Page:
InVivoPlus rat IgG1 isotype control, anti-trinitrophenol

Catalog #BP0290
Product Citations:
10
Clone:
TNP6A7
Reactivities:
Rat

$781.00 - $5,568.00

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Product Details

The TNP6A7 monoclonal antibody reacts with trinitrophenol (TNP). Because TNP is not expressed by mammals this antibody is ideal for use as an isotype-matched control for rat IgG1 antibodies in most in vivo and in vitro applications. This antibody can be used as an alternative to BP0088.

Specifications

Isotype Rat IgG1, λ
Recommended Dilution Buffer InVivoPure pH 7.0 Dilution Buffer
Conjugation This product is unconjugated. Conjugation is available via our Antibody Conjugation Services.
Formulation PBS, pH 7.0
Contains no stabilizers or preservatives
Endotoxin* <1EU/mg (<0.001EU/μg)
Determined by LAL gel clotting assay
Aggregation* <5%
Determined by SEC
Purity >95%
Determined by SDS-PAGE
Sterility 0.2 µm filtration
Production Purified from cell culture supernatant in an animal-free facility
Purification Protein G
RRID AB_2687813
Molecular Weight 150 kDa
Murine Pathogen Tests* Ectromelia/Mousepox Virus: Negative
Hantavirus: Negative
K Virus: Negative
Lactate Dehydrogenase-Elevating Virus: Negative
Lymphocytic Choriomeningitis virus: Negative
Mouse Adenovirus: Negative
Mouse Cytomegalovirus: Negative
Mouse Hepatitis Virus: Negative
Mouse Minute Virus: Negative
Mouse Norovirus: Negative
Mouse Parvovirus: Negative
Mouse Rotavirus: Negative
Mycoplasma Pulmonis: Negative
Pneumonia Virus of Mice: Negative
Polyoma Virus: Negative
Reovirus Screen: Negative
Sendai Virus: Negative
Theiler’s Murine Encephalomyelitis: Negative
Storage The antibody solution should be stored at the stock concentration at 4°C. Do not freeze.
* Additional quality control measures for our InVivoPlus™ products include advanced binding validation, murine pathogen screening, protein aggregation screening, and ultra-low endotoxin levels. The superior quality of our InVivoPlus™ products will meet and exceed the strict demands and rigorous standards required for in vivo research. Learn more about the InVivoPlus™ difference here.

Additional Formats

Groves, H. T., et al. (2020). "Respiratory Viral Infection Alters the Gut Microbiota by Inducing Inappetence" mBio 11(1). PubMed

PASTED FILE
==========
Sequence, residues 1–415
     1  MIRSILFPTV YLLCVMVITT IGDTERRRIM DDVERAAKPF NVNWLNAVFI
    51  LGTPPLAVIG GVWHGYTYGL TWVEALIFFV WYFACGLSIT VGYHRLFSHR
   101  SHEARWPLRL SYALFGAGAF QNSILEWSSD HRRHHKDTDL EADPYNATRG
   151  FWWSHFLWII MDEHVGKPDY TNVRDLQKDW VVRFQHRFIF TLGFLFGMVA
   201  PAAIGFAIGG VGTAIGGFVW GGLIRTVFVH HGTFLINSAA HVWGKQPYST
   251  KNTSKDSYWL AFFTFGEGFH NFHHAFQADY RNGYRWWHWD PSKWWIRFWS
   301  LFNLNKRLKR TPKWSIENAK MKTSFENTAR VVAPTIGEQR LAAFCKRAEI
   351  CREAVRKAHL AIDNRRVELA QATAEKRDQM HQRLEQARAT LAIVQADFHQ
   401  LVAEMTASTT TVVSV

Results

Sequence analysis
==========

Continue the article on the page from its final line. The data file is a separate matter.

Respiratory viral infections are extremely common, but their impacts on the composition and function of the gut microbiota are poorly understood. We previously observed a significant change in the gut microbiota after viral lung infection. Here, we show that weight loss during respiratory syncytial virus (RSV) or influenza virus infection was due to decreased food consumption, and that the fasting of mice altered gut microbiota composition independently of infection. While the acute phase tumor necrosis factor alpha (TNF-α) response drove early weight loss and inappetence during RSV infection, this was not sufficient to induce changes in the gut microbiota. However, the depletion of CD8(+) cells increased food intake and prevented weight loss, resulting in a reversal of the gut microbiota changes normally observed during RSV infection. Viral infection also led to changes in the fecal gut metabolome, with a significant shift in lipid metabolism. Sphingolipids, polyunsaturated fatty acids (PUFAs), and the short-chain fatty acid (SCFA) valerate were all increased in abundance in the fecal metabolome following RSV infection. Whether this and the impact of infection-induced anorexia on the gut microbiota are part of a protective anti-inflammatory response during respiratory viral infections remains to be determined. IMPORTANCE The gut microbiota has an important role in health and disease: gut bacteria can generate metabolites that alter the function of immune cells systemically. Understanding the factors that can lead to changes in the gut microbiome may help to inform therapeutic interventions. This is the first study to systematically dissect the pathway of events from viral lung infection to changes in gut microbiota. We show that the cellular immune response to viral lung infection induces inappetence, which in turn alters the gut microbiome and metabolome. Strikingly, there was an increase in lipids that have been associated with the resolution of disease. This opens up new paths of investigation: first, what is the (presumably secreted) factor made by the T cells that can induce inappetence? Second, is inappetence an adaptation that accelerates recovery from infection, and if so, does the microbiome play a role in this?